As with any cancer, an early and accurate diagnosis is critical to treating sarcoma. Since sarcomas are complex and can develop almost anywhere in the body, they can be difficult to diagnose. However, it is important to have an accurate diagnosis of the type and extent of sarcoma before beginning treatment.
A wrong diagnosis may actually be harmful and can reduce the success of therapeutic intervention. A biopsy that is not done correctly can make treatment more difficult. Therefore, it is recommended that the surgeon who performs the biopsy also removes the tumor.
The only way to be certain a tumor is sarcoma is through a biopsy, which removes a small number of cells to examine under a microscope.
Depending on location of the tumor, one of the following types of biopsy may be done:
- Fine needle aspiration (FNA): A very small needle is placed into the tumor and suction is applied. CT (computed tomography) may be used to help guide the needle. If testing shows that the tumor may in fact be a sarcoma, another type of biopsy will likely be done to remove a larger piece of tissue.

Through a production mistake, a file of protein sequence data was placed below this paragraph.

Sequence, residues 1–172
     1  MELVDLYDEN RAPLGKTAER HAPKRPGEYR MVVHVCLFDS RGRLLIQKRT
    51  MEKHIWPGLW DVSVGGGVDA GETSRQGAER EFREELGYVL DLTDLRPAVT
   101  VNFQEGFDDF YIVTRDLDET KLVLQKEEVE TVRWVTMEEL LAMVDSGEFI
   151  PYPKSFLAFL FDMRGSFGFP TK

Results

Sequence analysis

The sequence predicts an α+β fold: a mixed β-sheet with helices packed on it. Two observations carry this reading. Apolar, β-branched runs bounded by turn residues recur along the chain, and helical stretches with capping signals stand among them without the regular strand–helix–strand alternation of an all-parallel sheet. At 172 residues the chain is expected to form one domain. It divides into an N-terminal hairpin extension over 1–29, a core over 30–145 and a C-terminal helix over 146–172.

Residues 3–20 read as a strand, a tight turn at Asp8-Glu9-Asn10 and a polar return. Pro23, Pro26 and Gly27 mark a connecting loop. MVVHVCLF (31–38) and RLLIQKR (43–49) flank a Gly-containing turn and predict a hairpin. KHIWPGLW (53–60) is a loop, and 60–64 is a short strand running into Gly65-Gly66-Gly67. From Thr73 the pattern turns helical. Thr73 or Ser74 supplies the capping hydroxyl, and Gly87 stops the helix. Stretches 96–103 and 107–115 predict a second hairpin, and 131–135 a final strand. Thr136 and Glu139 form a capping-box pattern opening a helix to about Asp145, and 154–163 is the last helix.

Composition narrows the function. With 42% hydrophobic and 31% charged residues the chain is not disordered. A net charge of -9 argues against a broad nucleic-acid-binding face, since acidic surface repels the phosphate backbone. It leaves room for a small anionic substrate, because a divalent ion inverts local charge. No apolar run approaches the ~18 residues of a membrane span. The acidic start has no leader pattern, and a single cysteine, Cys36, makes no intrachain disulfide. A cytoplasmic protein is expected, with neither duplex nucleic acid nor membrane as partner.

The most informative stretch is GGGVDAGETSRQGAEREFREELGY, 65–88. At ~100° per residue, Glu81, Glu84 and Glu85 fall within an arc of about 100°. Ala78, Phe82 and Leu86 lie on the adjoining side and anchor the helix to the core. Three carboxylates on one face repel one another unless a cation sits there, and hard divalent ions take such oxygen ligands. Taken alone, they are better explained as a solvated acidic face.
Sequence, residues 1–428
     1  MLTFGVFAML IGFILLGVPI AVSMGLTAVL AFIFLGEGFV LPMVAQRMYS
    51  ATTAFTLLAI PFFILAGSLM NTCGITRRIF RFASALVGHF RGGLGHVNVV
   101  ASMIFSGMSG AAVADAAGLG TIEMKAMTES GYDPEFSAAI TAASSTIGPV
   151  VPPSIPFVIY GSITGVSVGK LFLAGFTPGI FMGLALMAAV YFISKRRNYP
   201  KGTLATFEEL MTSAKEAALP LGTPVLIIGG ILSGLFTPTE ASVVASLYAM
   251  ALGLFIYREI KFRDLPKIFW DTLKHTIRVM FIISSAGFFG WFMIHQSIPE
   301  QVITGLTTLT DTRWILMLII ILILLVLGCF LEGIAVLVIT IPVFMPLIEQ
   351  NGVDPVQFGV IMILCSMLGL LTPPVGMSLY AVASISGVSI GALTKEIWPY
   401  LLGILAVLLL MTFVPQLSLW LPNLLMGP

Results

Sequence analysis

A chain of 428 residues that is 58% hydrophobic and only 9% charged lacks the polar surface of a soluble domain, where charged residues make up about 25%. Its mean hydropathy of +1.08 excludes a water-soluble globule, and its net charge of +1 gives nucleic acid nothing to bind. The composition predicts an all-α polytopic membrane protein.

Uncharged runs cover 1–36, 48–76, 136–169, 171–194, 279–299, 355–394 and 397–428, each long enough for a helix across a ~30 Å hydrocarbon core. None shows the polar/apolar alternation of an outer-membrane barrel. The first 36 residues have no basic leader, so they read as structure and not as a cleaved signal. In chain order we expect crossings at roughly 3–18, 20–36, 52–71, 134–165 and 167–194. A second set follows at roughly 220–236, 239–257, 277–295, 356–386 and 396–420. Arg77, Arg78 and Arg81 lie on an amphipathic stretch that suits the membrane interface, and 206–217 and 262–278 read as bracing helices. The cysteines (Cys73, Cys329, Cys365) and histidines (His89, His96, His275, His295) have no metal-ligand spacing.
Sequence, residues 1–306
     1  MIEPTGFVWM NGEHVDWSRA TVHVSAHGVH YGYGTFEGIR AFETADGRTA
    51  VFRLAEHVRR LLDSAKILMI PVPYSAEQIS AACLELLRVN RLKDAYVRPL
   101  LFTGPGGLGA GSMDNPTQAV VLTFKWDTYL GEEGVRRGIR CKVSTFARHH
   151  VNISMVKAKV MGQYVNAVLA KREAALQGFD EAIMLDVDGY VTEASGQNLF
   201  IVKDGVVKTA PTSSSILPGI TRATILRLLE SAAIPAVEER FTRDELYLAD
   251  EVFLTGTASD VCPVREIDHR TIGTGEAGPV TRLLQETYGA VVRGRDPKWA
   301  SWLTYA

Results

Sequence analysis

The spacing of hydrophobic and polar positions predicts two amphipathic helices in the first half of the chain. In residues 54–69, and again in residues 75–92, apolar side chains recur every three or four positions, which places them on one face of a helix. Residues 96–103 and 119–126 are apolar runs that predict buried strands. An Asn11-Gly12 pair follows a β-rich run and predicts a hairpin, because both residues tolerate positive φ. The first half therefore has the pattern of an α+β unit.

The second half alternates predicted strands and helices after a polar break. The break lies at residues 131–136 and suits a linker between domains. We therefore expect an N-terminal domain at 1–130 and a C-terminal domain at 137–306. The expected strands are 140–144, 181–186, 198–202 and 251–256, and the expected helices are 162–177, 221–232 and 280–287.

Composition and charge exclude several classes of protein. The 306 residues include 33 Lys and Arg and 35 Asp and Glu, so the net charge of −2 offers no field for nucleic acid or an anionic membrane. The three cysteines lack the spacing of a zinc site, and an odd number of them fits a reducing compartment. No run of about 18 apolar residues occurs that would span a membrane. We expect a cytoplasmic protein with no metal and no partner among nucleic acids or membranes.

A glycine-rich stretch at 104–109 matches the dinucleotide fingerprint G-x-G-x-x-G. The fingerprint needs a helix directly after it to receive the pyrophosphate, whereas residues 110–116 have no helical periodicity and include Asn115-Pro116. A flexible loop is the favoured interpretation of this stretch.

- Core needle: A needle slightly larger than the one used in an FNA biopsy is used to remove a cylindrical sample of tissue.
- Incisional: An incision (cut) is made in the skin and a small part of tumor is removed.
- Excisional: An incision (cut) is made in the skin and the entire growth is surgically removed.
Imaging tests may be used before or after biopsy to determine the location and extent of the tumor. Imaging tests commonly used to diagnose sarcoma include:
- CT or CAT (computed axial tomography)
- MRI (magnetic resonance imaging) scans
- PET (positron emission tomography) scans
- Chest X-ray